If you enjoy painting your home and furniture, you must have heard lots of chatter about “VOCs” in paint. But you might wonder, what are these so-called Volatile Organic Compounds? What does “zero VOC” really mean? When can a company truly call their paint low VOC versus zero VOC? And to make things even more convoluted, are paint pigments included in the VOC count?
Most importantly, we should be asking if VOCs are harmful to our health or our family’s health. With the explosion of popularity in furniture paint, many companies are making claims about the safety of their products. We believe that it is crucial to ask questions about the validity of these claims. Often claims go unsubstantiated and we want to change that.
Instead of simply stating that we are committed to reducing the environmental impact of our products, we want to explain to you in detail what VOCs are all about and if they are truly harmful to our well-being and to the environment.
To take it a step further, we also want to share our test results with you in an effort to create openness and conversation around VOCs and harmful chemical additives. We feel that you have the right to know the details of the products you are using in your home.
Volatile Organic Compounds (VOCs) are gases that are released into the air from ordinary products such as paint, cleaning products, furniture, flooring, and cosmetics. VOCs can have short-term health effects such as headaches, respiratory issues, nausea, dizziness, and other ailments.1 Certain VOCs have also been proven to cause cancer in animals and thus are suspected to cause cancer in humans.1 Unfortunately, there are not many current source-based articles or research available about the long-term health effects of VOC exposure in our homes, and we believe there is a lot of research left to do to ensure your safety
Not only do VOCs have an impact on those who use the products and live in the space in which they are used, but many VOCs are also to blame for the formation of smog, which has adverse effects on the environment and human health.2
In order to improve air quality, both federal and provincial/state governments have set limits on the amount of VOCs in g/L (grams / liter) that products can contain. For example, the Canadian limit on paint with a flat sheen has a limit of 100 g/L.3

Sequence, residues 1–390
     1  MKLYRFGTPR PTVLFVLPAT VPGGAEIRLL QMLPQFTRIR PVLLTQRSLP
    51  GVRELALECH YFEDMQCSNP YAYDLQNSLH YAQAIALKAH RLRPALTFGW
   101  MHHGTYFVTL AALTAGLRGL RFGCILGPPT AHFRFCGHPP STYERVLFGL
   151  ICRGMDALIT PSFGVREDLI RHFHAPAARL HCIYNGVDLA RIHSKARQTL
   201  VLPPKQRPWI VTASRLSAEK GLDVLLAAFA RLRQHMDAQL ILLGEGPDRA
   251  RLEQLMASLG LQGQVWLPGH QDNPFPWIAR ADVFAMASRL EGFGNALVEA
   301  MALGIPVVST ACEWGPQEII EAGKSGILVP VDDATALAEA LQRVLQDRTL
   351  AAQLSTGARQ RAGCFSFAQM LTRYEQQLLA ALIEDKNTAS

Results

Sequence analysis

The state of California has been a leader in the USA by setting VOC concentration limits for consumer products; currently their limit is 50 g/L for paint that has a flat sheen finish, while the EPA (Federal) regulation allows for up to 250 g/L.4 The EPA standard also allows up to 5 g/L for a paint to be called zero VOC.
Some companies advertise their paint as zero VOC, and while it might be true for the base paint, pigments that may contain considerable amounts of VOCs are added to the paint and are not always taken into consideration.
In fact, in 2012 there was a settlement between two large paint manufacturers and the Federal Trade Commission, requiring the paint companies to stop making deceptive claims of “zero VOC” because even though their base paint had no VOCs, their tinted paints did contain VOC levels in considerable quantities.5
Pigments should most certainly be taken into account when making VOC claims.
We want to create products that are not detrimental to your health or the environment, therefore we have chosen to go above and beyond industry standards by formulating paint with ultra-low to no VOCs. In addition, the pigments used in the Country Chic Paint products are all VOC free, so you can rest assured that the colorants are not adding any VOCs to the paint.
When our products are formulated and manufactured, VOC levels are calculated based on the ingredients used. To err on the side of caution, we have not made zero VOC claims on our clay-based All-In-One Decor Paint, but have referred to this product as ultra-low VOC because the VOC level was calculated conservatively to be between 7-9 g/L.